Payangan”s Bukian #elementary school is at the heart of this  project, which is now officially completed and the final report is being prepared. We popped by to see how the sporting equipment was being used and again had to separate the teachers from the ping pong table! The sporting equipment was definitely meant for the children but it seems to have incidentally done a lot for teacher morale.

Temukus Water Project:  Just a brief word about the Temukus water project….work has not yet begun but neighboring villages have already heard the project is on the drawing boards and asked if they could participate.  Temukus village leaders are all in favor of sharing.  On June 5 club members and Rotaractors will be heading to Temukus to meet the village leaders and become better acquainted with several architecture/engineering university students who are taking an interest in the project.

PP Marilyn was given permission to brag about the kindergarten in her village.  The kindergarten, in operation now for the past four years, has been attracting some delightful attention.  A year and a half ago it was recognized as the model kindergarten in the Gianyar Regency, six months back it was awarded IDR 5,000,000 to be used at the discretion of the teachers and then last week, a phone call from the Bali Provincial Office of Education asked for a meeting to discuss the possibility of a new kindergarten building.  Wouldn’t that be terrific!

This one is for the birds! And yet another new building is under construction….Rtn Cat reported that RCBUS has donated a nesting box for a family of Bali Starlings (isn’t that a small building?). These beautiful birds were near extinction until a program sponsored by the Friends of the National Park successfully helped to bring them back.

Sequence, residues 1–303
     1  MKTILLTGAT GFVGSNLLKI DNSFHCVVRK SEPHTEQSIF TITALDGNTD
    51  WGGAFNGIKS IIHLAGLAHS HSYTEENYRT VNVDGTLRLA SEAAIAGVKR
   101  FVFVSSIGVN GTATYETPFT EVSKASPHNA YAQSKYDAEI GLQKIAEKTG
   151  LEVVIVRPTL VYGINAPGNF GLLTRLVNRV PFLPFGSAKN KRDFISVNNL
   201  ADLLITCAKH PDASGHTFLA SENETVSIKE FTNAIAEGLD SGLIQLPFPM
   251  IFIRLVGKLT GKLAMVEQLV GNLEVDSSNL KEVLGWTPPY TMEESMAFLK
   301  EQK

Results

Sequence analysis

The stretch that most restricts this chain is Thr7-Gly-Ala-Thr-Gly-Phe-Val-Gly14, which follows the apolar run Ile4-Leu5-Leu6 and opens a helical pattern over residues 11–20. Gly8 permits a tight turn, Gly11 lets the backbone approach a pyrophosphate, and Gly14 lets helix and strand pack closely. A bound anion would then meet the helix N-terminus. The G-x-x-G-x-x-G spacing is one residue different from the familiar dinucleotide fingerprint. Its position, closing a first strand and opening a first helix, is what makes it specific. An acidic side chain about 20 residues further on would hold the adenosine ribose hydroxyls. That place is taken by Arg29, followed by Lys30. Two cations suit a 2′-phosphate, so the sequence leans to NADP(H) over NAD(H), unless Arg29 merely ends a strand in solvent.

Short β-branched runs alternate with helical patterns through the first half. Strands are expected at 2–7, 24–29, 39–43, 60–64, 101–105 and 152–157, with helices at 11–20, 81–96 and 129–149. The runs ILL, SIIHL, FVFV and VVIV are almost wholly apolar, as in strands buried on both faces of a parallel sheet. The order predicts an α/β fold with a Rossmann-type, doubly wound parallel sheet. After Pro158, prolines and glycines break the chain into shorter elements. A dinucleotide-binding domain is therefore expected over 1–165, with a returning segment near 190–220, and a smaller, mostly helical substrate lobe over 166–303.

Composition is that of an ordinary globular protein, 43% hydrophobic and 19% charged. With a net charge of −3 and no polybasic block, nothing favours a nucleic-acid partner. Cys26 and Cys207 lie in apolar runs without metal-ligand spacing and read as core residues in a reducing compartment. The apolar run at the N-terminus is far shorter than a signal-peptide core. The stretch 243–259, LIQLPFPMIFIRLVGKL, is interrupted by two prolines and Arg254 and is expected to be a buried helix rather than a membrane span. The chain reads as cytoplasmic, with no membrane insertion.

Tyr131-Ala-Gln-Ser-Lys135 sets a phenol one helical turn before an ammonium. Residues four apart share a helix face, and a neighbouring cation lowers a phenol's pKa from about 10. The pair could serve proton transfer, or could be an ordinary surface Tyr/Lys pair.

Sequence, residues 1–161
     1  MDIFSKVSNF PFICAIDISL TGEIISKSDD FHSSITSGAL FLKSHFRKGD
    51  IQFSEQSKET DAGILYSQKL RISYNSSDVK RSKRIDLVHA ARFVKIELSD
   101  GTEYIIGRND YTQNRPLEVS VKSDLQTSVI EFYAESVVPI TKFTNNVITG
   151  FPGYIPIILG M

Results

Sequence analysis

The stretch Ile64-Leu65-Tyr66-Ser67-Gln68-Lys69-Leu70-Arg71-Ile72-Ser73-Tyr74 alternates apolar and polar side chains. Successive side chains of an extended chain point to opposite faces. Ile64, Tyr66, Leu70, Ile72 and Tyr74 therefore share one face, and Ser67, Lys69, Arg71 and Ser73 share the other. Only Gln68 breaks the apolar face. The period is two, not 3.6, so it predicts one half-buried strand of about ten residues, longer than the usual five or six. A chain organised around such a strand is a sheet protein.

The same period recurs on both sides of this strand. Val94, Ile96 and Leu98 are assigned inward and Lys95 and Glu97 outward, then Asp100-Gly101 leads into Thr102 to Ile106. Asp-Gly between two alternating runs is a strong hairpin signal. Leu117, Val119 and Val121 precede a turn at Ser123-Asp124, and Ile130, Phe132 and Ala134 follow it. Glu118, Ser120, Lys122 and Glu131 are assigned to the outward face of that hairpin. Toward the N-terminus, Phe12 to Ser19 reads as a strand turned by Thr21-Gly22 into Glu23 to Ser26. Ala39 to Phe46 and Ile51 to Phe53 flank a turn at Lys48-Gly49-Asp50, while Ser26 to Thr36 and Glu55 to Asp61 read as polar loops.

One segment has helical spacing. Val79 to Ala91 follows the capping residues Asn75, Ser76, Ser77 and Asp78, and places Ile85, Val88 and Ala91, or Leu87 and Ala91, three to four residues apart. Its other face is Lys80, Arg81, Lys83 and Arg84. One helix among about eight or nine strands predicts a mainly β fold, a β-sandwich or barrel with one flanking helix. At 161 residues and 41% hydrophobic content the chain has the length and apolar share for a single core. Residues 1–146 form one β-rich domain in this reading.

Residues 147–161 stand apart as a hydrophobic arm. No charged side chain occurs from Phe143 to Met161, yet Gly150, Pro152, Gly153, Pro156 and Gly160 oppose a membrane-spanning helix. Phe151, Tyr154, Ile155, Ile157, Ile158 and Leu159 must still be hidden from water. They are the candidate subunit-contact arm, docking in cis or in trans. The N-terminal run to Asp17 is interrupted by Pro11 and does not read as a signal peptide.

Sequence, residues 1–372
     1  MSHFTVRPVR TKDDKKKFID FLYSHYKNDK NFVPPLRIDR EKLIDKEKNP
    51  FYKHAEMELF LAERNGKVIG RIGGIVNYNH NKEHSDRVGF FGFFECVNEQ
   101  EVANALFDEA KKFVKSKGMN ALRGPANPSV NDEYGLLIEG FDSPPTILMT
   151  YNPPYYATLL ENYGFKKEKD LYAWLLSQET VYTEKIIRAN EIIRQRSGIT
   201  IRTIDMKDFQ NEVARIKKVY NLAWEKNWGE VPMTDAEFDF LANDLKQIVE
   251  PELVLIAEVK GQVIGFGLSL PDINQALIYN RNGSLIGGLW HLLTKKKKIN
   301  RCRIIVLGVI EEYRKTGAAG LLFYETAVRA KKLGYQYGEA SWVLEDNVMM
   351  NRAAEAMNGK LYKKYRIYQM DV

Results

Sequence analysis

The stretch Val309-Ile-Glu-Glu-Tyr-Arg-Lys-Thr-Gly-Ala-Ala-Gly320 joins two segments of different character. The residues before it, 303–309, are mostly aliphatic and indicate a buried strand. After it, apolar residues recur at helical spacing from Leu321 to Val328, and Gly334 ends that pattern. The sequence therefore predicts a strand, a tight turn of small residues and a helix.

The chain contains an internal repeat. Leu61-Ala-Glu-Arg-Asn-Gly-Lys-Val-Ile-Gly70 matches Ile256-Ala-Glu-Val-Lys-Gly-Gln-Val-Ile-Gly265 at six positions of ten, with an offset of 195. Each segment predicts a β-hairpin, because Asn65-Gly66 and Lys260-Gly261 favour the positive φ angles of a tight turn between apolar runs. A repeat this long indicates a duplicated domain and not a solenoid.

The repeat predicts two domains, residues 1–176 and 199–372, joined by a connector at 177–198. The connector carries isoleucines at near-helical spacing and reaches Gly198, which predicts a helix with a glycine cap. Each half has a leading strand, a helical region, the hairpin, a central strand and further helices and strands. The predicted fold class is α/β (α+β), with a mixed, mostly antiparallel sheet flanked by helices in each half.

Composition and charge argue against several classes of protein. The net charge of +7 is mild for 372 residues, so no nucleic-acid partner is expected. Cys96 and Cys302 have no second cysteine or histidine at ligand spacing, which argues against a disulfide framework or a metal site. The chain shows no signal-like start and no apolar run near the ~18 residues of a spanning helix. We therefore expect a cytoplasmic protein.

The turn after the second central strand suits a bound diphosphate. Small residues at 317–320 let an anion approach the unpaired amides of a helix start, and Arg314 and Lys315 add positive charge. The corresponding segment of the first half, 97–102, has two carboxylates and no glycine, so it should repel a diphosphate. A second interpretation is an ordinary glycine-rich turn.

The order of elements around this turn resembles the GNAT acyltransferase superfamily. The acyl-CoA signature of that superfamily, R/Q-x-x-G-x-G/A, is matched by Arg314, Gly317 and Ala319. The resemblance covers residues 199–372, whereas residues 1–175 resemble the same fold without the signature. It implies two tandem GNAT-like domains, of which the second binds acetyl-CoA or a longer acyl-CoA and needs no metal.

***Rtn Bruce continues to get medical treatment in the USA but e-mails show Bruce is maintaining his usual fabulous sense of humor.  He’s under orders from Pres Sue to make a rapid recovery and get himself back to Bali!

GUEST SPEAKER:  Lyn Robinson


Our guest speaker this evening was Lyn Robinson, just a teeny tiny slip of a woman and a world-wide expert on SHARKS!

Lyn has studied sharks all her life and is very concerned about shark overfishing for the “fin trade.” And yes, sharks really are fish, even though they don’t have real bones, just gelatinous structures that serve as bones. There are 130 varieties of shark in Indonesia, which is considered to be shark heaven. Interestingly enough many of these sharks are not hunters, and live on plankton.

Should you ever meet a shark Lyn gave tips on how to courteously deal with it and avoid an unpleasant encounter.  First don’t swim far from shore (beyond the reef), or in murky waters , or in late afternoon (feeding time). If you insist on living dangerously, avoid wearing anything flashy like jewelry that could cause a shark to mistake you for a shiny fish.  And finally if you find yourself nose to nose with a shark stay calm and slowly swim away.  To help focus on staying calm keep in mind that the more activity on your part, the more likely the shark is to become ever more interested in you.